New Users Registration  |  Useful Links  |  FAQ  |  Site Map 
Go Search


Skip Navigation LinksHealth Xchange > News
  2013 2015   Dec 2015 | Nov 2015 | Oct 2015 | Sep 2015 | Aug 2015 | Jul 2015 | Jun 2015 | May 2015 | Apr 2015 | Mar 2015 | Feb 2015 | Jan 2015 |
  2013 2014   Dec 2014 | Nov 2014 | Oct 2014 | Sep 2014 | Aug 2014 | Jul 2014 | Jun 2014 | May 2014 | Apr 2014 | Mar 2014 | Feb 2014 | Jan 2014 |
  2013   Dec 2013 | Nov 2013 | Oct 2013 | Sep 2013 | Aug 2013 | Jul 2013 | Jun 2013 | May 2013 | Apr 2013 | Mar 2013 | Feb 2013 | Jan 2013 |
  2012   Dec 2012 | Nov 2012 | Oct 2012 | Sep 2012 | Aug 2012 | Jul 2012Jun 2012May 2012Apr 2012Mar 2012 | Feb 2012 | Jan 2012 |
  2011   Dec 2011Nov 2011Oct 2011 | Sep 2011 | Aug 2011Jul 2011Jun 2011 | May 2011 | Apr 2011 | Mar 2011 | Feb 2011 | Jan 2011 |
  2010   Dec 2010 | Nov 2010 | Oct 2010 | Sep 2010 | Aug 2010 | Jul 2010 | Jun 2010 | May 2010 | Apr 2010 | Mar 2010 | Feb 2010 | Jan 2010 |
  2009   Dec 2009 | Nov 2009 | Oct 2009 | Sep 2009 | Aug 2009 |
  Health Policy and Announcements | Diseases and Outbreaks
  Medical Research | New Treatments and Technology
  Singapore   SingHealth | Health Promotion Board | Ministry of Health | Asiaone
  International   World Health Organization | Centre for Disease Control and Prevention (US)
  News Article  

Getting to know the many faces of lupus

  Tuesday, 10 l 05 l 2011  Source:  The Straits Times   
By: Poon Chian Hui

Association opens booth at TTSH to raise awareness of disease, increase membership

lupus-associationEVEN as more sufferers seek early treatment for the incurable ailment, the Lupus Association Singapore (LAS), which has helped raise awareness, needs a lifeline of its own. With an eye on arresting the problem of falling membership and grooming new people to take charge in future, it started manning a booth at Tan Tock Seng Hospital (TTSH) in March. It will continue to do so every first Wednesday of each month to recruit volunteers and disseminate information via DVDs and booklets.

It has more than 400 members, including patients, their families and doctors. But this is short of the all-time high of more than 700 members the 20-year-old association had several years ago, said its president Nancy Chin, 60. The main reason is that when a member dies, family members also tend to pull out of the association. To mark World Lupus Day today, it is also holding a two-day exhibition at TTSH, which started yesterday.

Lupus is a chronic disease where the person’s immune system attacks tissues and organs. It is not known why it happens, but hormones could be a factor as it mostly affects women of child-bearing age. Nine in 10 sufferers are women, and it is estimated to affect nine out of every 10,000 Singaporeans. But more sufferers are going for help early, said Dr Bernard Thong, who heads the department of rheumatology, allergy and immunology at TTSH. The hospital, which has the highest number of rheumatoid specialists, sees about 10,000 visits by lupus patients a year. Singapore has 38 such specialists, with 11 at TTSH.

“When I started out in the 1990s, I would see psychotic patients – they had hallucinations – and those with severe kidney damage. This is less common now,” said Dr Thong, referring to more patients going for early diagnosis and treatment. Of the 1,000 patients with systemic lupus erythematosus – the most common and serious form of the disease – registered at TTSH, only 6 per cent have ever had seizures and psychosis during the course of their illness.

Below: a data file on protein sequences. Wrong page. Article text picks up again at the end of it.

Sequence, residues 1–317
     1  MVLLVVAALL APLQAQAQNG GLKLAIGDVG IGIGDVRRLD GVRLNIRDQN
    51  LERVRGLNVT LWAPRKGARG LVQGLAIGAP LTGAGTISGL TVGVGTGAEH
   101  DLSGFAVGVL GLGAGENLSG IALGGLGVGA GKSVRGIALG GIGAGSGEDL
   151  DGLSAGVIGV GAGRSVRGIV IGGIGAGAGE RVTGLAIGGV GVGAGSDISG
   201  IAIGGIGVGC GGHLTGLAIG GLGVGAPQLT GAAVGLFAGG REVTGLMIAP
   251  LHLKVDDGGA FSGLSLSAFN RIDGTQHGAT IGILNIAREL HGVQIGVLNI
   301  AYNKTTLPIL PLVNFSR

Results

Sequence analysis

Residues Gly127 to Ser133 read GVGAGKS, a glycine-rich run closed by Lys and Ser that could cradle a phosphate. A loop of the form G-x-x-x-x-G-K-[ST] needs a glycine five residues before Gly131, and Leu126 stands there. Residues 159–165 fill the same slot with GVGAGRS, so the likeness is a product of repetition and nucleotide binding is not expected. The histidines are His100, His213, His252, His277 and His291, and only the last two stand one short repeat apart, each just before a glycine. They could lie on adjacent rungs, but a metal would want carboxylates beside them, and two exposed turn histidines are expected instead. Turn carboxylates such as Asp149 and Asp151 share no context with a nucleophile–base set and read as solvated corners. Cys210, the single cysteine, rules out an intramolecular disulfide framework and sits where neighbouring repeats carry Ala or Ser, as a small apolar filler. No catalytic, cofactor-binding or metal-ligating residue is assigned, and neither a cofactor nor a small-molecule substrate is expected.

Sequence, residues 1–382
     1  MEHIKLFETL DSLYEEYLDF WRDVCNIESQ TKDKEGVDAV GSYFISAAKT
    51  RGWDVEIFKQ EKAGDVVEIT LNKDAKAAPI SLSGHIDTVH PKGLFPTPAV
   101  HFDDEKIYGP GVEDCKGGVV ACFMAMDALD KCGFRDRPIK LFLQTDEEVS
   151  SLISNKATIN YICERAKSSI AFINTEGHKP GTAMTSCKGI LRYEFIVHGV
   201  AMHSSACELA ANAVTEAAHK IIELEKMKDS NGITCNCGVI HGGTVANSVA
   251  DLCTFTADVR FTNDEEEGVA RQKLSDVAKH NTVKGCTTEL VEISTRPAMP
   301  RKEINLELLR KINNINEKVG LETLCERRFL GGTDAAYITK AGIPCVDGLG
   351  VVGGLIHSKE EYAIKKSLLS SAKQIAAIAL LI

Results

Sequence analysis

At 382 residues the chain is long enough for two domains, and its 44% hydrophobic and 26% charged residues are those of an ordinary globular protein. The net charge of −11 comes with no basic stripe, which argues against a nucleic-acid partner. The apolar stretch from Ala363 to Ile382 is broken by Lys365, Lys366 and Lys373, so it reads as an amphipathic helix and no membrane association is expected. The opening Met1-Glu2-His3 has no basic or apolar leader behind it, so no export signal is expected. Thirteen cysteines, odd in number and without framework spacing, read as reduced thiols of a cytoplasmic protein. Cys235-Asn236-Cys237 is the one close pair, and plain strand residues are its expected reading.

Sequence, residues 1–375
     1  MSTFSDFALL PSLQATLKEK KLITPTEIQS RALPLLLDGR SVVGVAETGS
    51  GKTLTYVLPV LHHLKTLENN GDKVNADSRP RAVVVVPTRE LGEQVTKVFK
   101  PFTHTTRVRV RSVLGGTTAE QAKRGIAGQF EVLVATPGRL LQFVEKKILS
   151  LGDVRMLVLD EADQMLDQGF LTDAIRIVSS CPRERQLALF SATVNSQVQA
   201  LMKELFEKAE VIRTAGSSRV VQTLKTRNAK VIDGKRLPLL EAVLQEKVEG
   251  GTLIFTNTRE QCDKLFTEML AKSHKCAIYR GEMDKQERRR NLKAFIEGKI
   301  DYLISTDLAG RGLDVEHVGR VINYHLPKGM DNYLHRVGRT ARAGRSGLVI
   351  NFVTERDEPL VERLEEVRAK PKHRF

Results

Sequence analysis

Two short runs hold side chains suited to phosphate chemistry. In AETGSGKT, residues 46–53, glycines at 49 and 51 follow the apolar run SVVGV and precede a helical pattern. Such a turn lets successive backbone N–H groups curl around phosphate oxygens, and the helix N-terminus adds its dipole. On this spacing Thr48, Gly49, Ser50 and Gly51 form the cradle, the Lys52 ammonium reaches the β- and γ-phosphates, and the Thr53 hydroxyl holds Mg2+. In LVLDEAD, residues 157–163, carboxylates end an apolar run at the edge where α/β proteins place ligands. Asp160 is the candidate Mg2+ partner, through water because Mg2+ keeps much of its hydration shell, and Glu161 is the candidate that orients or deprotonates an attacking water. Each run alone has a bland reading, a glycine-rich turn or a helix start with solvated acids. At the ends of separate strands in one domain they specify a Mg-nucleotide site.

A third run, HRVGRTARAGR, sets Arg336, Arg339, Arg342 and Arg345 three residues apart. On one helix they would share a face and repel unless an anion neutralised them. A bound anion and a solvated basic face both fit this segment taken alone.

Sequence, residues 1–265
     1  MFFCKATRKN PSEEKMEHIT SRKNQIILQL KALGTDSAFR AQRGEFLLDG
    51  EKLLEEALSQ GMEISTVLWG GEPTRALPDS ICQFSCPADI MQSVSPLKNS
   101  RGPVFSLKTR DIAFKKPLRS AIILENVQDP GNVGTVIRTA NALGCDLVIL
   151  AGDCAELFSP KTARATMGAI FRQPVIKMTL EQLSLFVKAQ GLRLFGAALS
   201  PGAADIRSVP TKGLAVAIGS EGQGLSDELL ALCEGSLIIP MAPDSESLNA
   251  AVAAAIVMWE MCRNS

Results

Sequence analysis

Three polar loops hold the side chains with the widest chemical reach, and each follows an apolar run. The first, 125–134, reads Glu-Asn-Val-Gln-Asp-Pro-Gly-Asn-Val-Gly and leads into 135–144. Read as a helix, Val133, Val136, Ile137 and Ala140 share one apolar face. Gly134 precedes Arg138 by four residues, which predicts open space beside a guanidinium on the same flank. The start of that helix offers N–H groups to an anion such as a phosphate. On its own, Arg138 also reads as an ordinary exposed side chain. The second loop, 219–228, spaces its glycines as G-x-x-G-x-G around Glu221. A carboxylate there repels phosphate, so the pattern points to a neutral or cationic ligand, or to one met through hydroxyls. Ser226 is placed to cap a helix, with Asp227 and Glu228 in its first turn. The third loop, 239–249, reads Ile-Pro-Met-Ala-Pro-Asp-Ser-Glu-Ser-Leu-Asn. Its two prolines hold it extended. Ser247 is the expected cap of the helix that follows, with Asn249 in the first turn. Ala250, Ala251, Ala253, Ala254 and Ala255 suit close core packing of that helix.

Symptoms vary widely and include fatigue, hair loss, fits and a butterfly-shaped rash across the cheeks and nose bridge. “Everyone is affected differently; that is why lupus is sometimes called the disease with a thousand faces,” said Ms Chin, who was diagnosed 30 years ago. Dr Thong said hair loss, arthritis and butterfly rash affect more than half the patients at TTSH. Medical treatment, such as the range of drugs used, has improved in the past decade. In the past, patients would get mainly steroids. Today, anti-malarial and cancer drugs are also used as these have the ability to stabilise the immune system, he added.

Ms Chin said that though lupus is incurable, it can be controlled well with medication. “We need to make changes,” she noted, citing how she has to swim indoors because the sun aggravates the condition and can cause her to break out in rashes. “But we can live a normal and healthy life.” An example is Ms Jennie Sokolik, 28, who found out she had lupus at age 16. The American continued pursuing a full-time

profession in banking and finance but her condition got worse “probably due to the stress”. In four years, she changed jobs four times. “I told myself that I can do it – but it turns out that I can’t,” she said. She has kidney complications and takes about seven types of drugs, including vitamins. She no longer works but Ms Sokolik, married to a chemical engineer, now volunteers at the LAS and enjoys taking up new hobbies such as photography. In fact, the disease has made her treasure the little things in life. “I would tell myself that I’m going to enjoy life, not spend it in depression,” she said.

  Ask the Specialists - Free Doctor Q&A  
    Advanced Care Planning
Take this opportunity to ask our experts on what advance care planning is all about, as well as the other directives.
    Previous Q&As
Check out our archive for all our previous doctor's Q&As!
*Latest Update: Speech and Language Problems in Children, Gynaecological Cancers: Cervical and Ovarian Cancers, Colorectal Problems, Screening, Risks & Symptoms
e-Appointment Online
Health Buddy App